Image: World Meteorological Organization
Northern Countries Will See Changes Too
Physicists at the University of Toronto are predicting, in a piece published in Nature Geoscience, that the impact on the ozone layer caused by climate change will lead to changes in the distribution of UV radiation on Earth. Some places will see a reducton in UV, such as northern regions like Siberia, Scandinavia, and northern Canada. Other places will see an increase, like the tropics and Antarctica.
Science Daily writes:
Using a sophisticated computer model, Hegglin and U of T physicist Theodore Shepherd determined that 21st-century climate change will alter atmospheric circulation, increasing the flux of ozone from the upper to the lower atmosphere and shifting the distribution of ozone within the upper atmosphere. The result will be a change in the amount of UV radiation reaching the Earth's surface which varies dramatically between regions: e.g. up to a 20 per cent increase in UV radiation over southern high latitudes during spring and summer, and a nine per cent decrease in UV radiation over northern high latitudes, by the end of the century.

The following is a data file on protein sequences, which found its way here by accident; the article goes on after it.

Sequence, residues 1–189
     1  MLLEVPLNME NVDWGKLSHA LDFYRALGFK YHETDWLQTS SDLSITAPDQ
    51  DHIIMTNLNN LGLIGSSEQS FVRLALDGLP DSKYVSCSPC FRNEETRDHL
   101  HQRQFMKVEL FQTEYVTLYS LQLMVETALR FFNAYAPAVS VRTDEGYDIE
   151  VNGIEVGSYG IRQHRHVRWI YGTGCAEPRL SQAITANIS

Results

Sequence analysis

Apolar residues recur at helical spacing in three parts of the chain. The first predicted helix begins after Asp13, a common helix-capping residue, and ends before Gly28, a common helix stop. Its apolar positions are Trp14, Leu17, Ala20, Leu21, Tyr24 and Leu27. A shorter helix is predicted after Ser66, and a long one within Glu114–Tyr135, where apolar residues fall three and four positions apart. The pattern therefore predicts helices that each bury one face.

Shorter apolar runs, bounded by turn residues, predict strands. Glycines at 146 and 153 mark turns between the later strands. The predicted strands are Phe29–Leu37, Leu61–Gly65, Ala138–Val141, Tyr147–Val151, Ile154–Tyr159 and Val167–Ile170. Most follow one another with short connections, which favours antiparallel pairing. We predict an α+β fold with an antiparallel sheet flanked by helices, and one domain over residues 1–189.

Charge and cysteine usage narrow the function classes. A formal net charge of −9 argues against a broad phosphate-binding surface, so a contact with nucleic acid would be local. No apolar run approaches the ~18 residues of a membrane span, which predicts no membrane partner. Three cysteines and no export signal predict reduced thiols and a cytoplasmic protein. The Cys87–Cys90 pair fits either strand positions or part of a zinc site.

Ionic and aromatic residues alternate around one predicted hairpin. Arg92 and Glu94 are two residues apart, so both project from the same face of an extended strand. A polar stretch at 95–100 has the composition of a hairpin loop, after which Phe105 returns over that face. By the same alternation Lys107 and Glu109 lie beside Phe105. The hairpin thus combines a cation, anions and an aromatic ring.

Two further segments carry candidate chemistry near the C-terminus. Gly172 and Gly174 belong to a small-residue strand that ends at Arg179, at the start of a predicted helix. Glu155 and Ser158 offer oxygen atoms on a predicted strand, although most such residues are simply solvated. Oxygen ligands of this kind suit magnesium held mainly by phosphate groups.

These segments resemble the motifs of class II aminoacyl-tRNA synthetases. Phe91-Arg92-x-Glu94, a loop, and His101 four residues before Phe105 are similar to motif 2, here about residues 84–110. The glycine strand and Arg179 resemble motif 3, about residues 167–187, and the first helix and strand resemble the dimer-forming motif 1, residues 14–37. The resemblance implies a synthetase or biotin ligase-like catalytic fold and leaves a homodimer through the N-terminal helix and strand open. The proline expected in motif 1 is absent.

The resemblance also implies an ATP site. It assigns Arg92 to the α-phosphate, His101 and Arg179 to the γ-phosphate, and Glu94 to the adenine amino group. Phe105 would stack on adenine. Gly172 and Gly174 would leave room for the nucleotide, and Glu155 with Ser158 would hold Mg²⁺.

We know about increased UV because of our previous ozone problems (which aren't all solved, even if the ban of CFCs helped a lot). But what about a decrease? Our intuition might be to think that it's a good thing, but not necessarily. We've evolved in certain conditions, and big changes either way can lead to problems.
For example, lower UV radiation can lead to a smaller production of vitamin D by the human body (already a problem for people living in countries that get little sunlight). Whole ecosystems could be affected by this (there are all kinds of unforeseen consequences to global warming....).